June 14, 2012
By: Bill Sweet
Source: IEEE Spectrum
The U.S. Photovoltaic Manufacturing Consortium has launched an effort to develop a roadmap for the copper-indium-gallium-selenide (CIGS) photovoltaic materials, long considered one of the most promising technologies for next-generation solar cells. The exercise presumably will be based on the influential roadmaps developed in recent decade for technologies deemed critically important to the nation's future, such as semiconductors and chip lithography. In keeping with the potential significance of the latest such exercise, the PV consortium has put three extremely well known solar technology experts in charge of building the CIGS roadmap.
The three co-chairs of the CiGS PV Roadmap will be Larry Kazmerski, long-time director of the National Center for Photovoltaics at the National Renewable Energy Laboratory in Golden, Colo., the go-to place for certification of claimed advances in solar cells; Richard Swanson, the founding president emeritus of SunPower Corporation in San Jose, well established as a world leader in solar; and Joseph Laia, CEO of MiaSolé in Santa Clara, which specialized in CIGS and thin-film technology. Laia was previously group vice president for metrology at KLA-Tencor.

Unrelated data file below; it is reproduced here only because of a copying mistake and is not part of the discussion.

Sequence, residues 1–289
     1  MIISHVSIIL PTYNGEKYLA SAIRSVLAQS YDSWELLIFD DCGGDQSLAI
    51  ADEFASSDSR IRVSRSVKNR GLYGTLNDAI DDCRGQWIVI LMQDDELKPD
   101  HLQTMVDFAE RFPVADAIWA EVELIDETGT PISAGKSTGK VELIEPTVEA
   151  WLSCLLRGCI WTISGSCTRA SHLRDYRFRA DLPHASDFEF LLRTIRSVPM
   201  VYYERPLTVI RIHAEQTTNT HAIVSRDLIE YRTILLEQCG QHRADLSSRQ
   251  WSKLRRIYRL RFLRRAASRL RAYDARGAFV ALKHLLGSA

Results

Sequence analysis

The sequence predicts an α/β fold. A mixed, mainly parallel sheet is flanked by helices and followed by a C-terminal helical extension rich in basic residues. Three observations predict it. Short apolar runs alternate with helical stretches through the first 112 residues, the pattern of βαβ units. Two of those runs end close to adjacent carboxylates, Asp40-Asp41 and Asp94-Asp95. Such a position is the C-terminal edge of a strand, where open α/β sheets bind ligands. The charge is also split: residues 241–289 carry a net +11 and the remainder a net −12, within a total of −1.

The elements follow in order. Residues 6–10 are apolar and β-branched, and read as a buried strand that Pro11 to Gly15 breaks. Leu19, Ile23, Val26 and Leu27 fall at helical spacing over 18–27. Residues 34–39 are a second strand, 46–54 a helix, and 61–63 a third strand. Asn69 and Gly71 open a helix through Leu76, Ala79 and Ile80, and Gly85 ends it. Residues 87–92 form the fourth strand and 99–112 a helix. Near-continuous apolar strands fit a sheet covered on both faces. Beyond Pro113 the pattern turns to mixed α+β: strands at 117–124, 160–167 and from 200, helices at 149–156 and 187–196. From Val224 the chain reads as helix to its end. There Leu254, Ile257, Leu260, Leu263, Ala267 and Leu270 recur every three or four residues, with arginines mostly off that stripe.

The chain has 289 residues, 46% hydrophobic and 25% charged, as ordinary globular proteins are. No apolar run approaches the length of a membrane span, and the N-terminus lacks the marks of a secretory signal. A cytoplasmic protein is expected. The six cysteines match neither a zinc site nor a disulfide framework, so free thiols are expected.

The Photovoltaic Manufacturing Consortium is headquartered at the College of Nanoscale Science and Engineering at the University of Albany, in Albany, N.Y. It is closely affiliated with the semiconductor industry consortium Sematech and is sponsored by the U.S. Department of Energy’s SunShot Initiative. The PV consortium is shooting for a 75 percent reduction in the installed cost of solar systems over the next decade.